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e-CFR data is current as of September 23, 2020

Title 46Chapter ISubchapter MPart 140 → Subpart F


Title 46: Shipping
PART 140—OPERATIONS


Subpart F—Vessel Operational Safety


Contents
§140.600   Applicability.
§140.605   Vessel stability.
§140.610   Hatches and other openings.
§140.615   Examinations and tests.
§140.620   Navigational safety equipment.
§140.625   Navigation underway.
§140.630   Lookout.
§140.635   Navigation assessment.
§140.640   Pilothouse resource management.
§140.645   Navigation safety training.
§140.650   Operational readiness of lifesaving and fire suppression and detection equipment.
§140.655   Prevention of oil and garbage pollution.
§140.660   Vessel security.
§140.665   Inspection and testing required when making alterations, repairs, or other such operations involving riveting, welding, burning, or like fire-producing actions.
§140.670   Use of auto pilot.

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§140.600   Applicability.

This subpart applies to all towing vessels unless otherwise specified. Certain vessels remain subject to the navigation safety regulations in 33 CFR part 164.

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§140.605   Vessel stability.

(a) Prior to getting underway, and at all other times necessary to ensure the safety of the vessel, the master or officer in charge of a navigational watch must determine whether the vessel complies with all stability requirements in the vessel's trim and stability book, stability letter, COI, and Load Line Certificate, as applicable.

(b) A towing vessel must be maintained and operated so the watertight integrity and stability of the vessel are not compromised.

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§140.610   Hatches and other openings.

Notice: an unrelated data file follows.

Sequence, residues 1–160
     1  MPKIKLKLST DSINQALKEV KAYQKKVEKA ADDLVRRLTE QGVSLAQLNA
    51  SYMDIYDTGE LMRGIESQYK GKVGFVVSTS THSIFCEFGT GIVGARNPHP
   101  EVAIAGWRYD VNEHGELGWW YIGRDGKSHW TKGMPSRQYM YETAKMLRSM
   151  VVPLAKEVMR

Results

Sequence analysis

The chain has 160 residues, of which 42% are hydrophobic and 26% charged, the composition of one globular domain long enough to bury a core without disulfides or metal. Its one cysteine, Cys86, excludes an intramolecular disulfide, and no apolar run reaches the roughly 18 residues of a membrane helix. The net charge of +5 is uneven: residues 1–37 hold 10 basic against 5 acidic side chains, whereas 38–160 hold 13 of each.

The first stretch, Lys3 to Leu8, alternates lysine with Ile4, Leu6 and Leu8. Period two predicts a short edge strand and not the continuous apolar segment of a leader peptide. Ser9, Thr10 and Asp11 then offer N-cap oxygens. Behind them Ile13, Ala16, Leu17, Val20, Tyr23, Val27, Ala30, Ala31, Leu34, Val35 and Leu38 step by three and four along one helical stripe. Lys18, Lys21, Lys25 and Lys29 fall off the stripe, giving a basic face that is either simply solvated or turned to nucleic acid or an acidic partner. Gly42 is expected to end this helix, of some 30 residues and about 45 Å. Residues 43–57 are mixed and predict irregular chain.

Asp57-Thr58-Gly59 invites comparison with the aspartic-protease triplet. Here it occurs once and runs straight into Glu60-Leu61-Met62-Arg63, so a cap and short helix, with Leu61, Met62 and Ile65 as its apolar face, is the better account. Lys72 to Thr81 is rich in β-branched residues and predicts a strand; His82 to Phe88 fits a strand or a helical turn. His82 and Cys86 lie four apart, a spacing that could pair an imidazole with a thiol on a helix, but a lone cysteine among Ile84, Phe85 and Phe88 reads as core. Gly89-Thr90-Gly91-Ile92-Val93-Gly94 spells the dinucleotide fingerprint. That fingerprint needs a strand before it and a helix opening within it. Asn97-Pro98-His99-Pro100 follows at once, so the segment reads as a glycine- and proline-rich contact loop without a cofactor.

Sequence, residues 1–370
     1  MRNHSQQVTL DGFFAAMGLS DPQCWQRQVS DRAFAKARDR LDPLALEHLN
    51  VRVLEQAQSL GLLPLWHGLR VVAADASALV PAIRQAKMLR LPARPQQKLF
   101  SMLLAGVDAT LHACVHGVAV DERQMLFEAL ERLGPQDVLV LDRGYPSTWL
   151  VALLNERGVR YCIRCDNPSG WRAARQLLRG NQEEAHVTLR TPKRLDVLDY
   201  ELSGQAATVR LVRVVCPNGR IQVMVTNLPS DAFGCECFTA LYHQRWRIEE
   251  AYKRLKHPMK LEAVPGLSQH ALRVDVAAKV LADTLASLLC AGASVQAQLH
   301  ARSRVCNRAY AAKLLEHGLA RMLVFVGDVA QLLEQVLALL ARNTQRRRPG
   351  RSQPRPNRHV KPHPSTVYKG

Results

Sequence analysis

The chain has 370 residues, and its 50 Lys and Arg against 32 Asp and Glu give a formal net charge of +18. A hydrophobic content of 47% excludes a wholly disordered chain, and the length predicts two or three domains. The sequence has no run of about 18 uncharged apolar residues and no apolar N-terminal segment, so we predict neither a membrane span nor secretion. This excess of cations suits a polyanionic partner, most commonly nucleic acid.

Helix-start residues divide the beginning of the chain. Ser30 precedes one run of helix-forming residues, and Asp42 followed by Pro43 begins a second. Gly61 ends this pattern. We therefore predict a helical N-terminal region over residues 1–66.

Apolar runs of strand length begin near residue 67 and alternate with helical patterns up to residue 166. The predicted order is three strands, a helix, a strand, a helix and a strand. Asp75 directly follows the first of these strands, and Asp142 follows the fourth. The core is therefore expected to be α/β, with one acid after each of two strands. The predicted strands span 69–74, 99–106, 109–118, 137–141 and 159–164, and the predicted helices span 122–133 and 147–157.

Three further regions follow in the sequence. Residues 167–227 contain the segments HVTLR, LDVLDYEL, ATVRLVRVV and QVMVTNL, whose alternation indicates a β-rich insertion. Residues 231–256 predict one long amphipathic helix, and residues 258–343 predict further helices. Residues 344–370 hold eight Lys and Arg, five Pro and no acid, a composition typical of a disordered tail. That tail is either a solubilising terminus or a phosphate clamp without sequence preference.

(a) All towing vessels must be operated in a manner that minimizes the risk of down-flooding and progressive flooding.

(b) The master must ensure that all hatches, doors, and other openings designed to be watertight or weather-tight function properly.

(c) The master or officer in charge of a navigational watch must ensure all hatches and openings of the hull and deck are kept tightly closed except:

(1) When access is needed through the opening for transit;

(2) When operating on rivers with a tow, if the master determines the safety of the vessel is not compromised; or

(3) When operating on lakes, bays, and sounds, without a tow during calm weather, and only if the master determines that the safety of the vessel is not compromised.

(d) Where installed, all watertight doors in watertight bulkheads must be closed during the operation of the vessel, unless they are being used for transit between compartments; and

(e) When downstreaming, all exterior openings at the main deck level must be closed.

(f) Decks and bulkheads designed to be watertight or weathertight must be maintained in that condition.

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§140.615   Examinations and tests.

(a) This section applies to a towing vessel not subject to 33 CFR 164.80.

(b) Prior to getting underway, the master or officer in charge of a navigational watch of the vessel must examine and test the steering gear, signaling whistle, propulsion control, towing gear, navigation lights, navigation equipment, and communication systems of the vessel. This examination and testing does not need to be conducted more than once in any 24-hour period.

(c) The results of the examination and testing must be recorded in the TVR, official logbook, or in accordance with the TSMS applicable to the vessel.

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§140.620   Navigational safety equipment.

(a) This section applies to a towing vessel not subject to the requirements of 33 CFR 164.82.

(b) The owner, managing operator, or master of each towing vessel must maintain the required navigational-safety equipment in a fully-functioning, operational condition.